As the world becomes increasingly interconnected our buildings are evolving into smart structures, integrating advanced technologies that improve users' experience, enable cost efficiency and meet high standards of sustainability.
However, with each new technology introduced the number of risks and vulnerabilities increases. So as we enter the era of smart buildings, it is imperative to recognise that robust cybersecurity is critical to safeguard these integrated systems – and building users themselves.
These systems include not only the IT required for processing and storing corporate data but also operational technology (OT) and the internet of things (IoT).
OT relates to building systems and controls such as heating, ventilation and air conditioning (HVAC), cameras and access control. These systems monitor events, processes and devices and make operational adjustments accordingly.
The IoT meanwhile refers to internet-connected devices on a network that communicate with each other and provide real-time data, such as smartphones, wearables, smart meters and occupancy and air quality sensors.
Smart building cybersecurity must therefore go beyond a corporate IT policy and extend into OT and the IoT, where cyber-attacks may manifest differently. Having rigorous IT cybersecurity does not mean that the building can be secure against OT or IoT-related threats.
IT cybersecurity is not always compatible with OT or IoT environments, and has the potential for failure and malfunction. It's thus important to be very clear about roles and responsibilities.
With the integration of OT and IoT systems there are more connected systems and more data points, and the risk of cyber-attacks increases.
If robust cybersecurity practices are not in place, cybercriminals can take advantage of the interconnectivity of these systems to access sensitive data or even gain control of building systems.
Moreover, integrating building systems networks without taking proper precautions can lead to vulnerabilities in one building system affecting all others. This could be a significant risk, as a single breach could cause widespread harm to a building's infrastructure.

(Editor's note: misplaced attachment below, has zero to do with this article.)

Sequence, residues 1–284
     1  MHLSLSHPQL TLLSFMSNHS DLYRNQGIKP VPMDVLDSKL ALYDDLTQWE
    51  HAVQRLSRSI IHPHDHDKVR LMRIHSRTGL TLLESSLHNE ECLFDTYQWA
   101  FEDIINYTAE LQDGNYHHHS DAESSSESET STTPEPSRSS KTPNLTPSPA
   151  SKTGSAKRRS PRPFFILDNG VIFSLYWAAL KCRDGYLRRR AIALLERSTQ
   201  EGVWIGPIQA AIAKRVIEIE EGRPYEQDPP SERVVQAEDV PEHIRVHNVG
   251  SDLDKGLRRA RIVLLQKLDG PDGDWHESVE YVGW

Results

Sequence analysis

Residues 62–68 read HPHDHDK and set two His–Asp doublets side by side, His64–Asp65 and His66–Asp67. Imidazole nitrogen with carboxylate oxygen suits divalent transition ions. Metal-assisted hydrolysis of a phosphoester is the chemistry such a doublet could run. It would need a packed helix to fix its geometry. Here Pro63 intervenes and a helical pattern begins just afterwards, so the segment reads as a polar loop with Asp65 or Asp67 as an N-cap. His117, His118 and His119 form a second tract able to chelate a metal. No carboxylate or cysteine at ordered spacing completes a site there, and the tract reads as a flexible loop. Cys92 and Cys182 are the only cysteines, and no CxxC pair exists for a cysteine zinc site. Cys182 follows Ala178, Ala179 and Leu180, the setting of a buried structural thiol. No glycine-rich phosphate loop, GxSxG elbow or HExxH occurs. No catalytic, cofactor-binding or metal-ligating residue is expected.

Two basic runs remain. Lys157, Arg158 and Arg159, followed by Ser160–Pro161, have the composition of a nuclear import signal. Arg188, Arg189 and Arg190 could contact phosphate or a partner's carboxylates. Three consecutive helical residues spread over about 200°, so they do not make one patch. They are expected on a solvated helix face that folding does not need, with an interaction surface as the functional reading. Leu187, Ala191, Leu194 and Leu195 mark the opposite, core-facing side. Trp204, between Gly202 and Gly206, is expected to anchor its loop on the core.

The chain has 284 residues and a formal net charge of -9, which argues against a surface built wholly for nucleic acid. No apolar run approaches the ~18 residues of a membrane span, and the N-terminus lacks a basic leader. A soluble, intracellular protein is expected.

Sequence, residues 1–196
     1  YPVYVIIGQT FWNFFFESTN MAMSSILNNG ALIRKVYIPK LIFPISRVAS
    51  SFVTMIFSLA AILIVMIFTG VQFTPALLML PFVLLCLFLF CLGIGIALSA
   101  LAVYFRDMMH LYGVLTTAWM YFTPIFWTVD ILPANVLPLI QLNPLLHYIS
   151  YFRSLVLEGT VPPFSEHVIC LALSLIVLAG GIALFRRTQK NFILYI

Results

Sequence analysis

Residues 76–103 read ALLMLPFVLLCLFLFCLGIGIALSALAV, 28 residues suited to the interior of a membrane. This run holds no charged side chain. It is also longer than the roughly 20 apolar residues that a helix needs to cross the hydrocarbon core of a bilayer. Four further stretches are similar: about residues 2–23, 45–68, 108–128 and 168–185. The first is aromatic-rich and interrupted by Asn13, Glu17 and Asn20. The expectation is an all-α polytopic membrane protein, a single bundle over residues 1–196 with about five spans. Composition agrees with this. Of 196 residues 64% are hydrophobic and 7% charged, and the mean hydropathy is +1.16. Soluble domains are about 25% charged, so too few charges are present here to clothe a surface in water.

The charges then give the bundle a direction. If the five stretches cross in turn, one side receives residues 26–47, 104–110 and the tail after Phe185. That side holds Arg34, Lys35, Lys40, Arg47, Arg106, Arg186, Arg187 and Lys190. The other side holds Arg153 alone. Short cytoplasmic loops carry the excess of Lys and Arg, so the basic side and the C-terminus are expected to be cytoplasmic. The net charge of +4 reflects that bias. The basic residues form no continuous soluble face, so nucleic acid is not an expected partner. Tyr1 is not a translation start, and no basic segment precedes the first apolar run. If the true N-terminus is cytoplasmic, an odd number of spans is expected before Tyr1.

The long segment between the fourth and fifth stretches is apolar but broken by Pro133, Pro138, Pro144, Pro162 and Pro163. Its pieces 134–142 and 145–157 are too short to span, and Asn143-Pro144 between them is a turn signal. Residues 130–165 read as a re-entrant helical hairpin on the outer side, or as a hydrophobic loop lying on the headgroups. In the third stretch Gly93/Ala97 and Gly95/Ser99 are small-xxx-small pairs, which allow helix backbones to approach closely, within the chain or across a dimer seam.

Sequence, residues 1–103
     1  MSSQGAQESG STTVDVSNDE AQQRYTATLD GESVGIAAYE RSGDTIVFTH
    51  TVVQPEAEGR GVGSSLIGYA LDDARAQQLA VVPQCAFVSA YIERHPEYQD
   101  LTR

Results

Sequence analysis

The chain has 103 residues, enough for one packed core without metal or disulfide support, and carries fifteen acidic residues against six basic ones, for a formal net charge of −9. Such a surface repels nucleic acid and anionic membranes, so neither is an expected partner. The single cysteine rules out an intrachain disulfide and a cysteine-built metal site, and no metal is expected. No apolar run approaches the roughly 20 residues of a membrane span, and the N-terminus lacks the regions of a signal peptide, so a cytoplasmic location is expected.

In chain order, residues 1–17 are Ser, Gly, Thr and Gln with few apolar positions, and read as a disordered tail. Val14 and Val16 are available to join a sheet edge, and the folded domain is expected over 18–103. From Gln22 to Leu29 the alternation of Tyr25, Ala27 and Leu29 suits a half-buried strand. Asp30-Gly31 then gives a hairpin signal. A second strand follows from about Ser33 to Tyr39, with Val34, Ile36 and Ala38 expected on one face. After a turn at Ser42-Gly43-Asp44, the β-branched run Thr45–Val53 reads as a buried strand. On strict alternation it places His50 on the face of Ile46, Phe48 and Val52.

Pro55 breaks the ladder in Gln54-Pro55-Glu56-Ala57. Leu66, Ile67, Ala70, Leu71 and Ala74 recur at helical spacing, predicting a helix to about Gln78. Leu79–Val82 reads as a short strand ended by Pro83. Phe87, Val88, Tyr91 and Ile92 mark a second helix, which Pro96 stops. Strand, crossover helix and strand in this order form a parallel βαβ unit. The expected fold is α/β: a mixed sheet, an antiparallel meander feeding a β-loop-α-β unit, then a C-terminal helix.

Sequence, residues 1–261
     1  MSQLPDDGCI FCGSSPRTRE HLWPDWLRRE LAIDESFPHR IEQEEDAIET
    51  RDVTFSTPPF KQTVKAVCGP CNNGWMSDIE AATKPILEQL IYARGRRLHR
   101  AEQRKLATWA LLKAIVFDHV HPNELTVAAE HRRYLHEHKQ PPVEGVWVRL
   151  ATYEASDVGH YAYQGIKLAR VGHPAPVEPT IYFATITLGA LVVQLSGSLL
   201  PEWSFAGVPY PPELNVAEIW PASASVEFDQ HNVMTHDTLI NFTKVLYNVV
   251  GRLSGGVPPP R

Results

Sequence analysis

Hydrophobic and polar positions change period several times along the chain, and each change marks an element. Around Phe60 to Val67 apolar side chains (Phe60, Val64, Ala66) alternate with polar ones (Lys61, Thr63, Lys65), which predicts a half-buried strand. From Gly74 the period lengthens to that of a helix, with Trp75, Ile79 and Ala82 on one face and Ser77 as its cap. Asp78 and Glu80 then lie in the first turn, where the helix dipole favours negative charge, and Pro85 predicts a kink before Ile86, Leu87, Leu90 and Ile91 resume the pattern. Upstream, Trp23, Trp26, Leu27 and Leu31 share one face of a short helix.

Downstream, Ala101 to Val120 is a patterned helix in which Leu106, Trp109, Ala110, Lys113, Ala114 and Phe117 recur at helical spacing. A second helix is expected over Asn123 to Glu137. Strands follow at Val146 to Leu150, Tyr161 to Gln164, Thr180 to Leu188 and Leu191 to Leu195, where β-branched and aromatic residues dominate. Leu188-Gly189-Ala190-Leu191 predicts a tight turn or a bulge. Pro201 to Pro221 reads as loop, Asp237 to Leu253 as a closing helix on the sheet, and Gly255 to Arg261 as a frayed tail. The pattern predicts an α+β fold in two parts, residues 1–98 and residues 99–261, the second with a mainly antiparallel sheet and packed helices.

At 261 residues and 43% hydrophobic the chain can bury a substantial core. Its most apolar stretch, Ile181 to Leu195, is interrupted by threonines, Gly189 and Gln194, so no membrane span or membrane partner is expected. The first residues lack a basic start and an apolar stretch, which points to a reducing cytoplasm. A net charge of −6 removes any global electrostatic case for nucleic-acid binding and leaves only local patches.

Furthermore, new technology is being developed and adopted significantly faster than corresponding cybersecurity. This lag creates vulnerabilities that can be exploited by cybercriminals, making it essential to take proactive cybersecurity measures.
These new risks can result in threats to physical and life safety as well as reputational damage. For instance, a cybercriminal gaining control of an IoT-connected kettle can easily cause a fire or power cuts, which could lead to significant damage or even loss of life.
Meanwhile, a data leak can significantly affect a company's reputation meaning it is no longer trustworthy.
'If robust cybersecurity practices are not in place, cybercriminals can access sensitive data or even gain control of building systems'
While restructuring the network to avoid these risks may be cumbersome and costly, one emerging practice is to use logical network segmentation.
This keeps IT, OT and IoT systems in dedicated virtual networks running in parallel. Although they still use the same physical infrastructure, they only interchange data where necessary. Achieving this involves creating secondary networks with multiple virtual local area networks and subnets, using different firewalls and managed switches.
It's also important to monitor and control all access points into your core building system networks carefully, both inside and outside.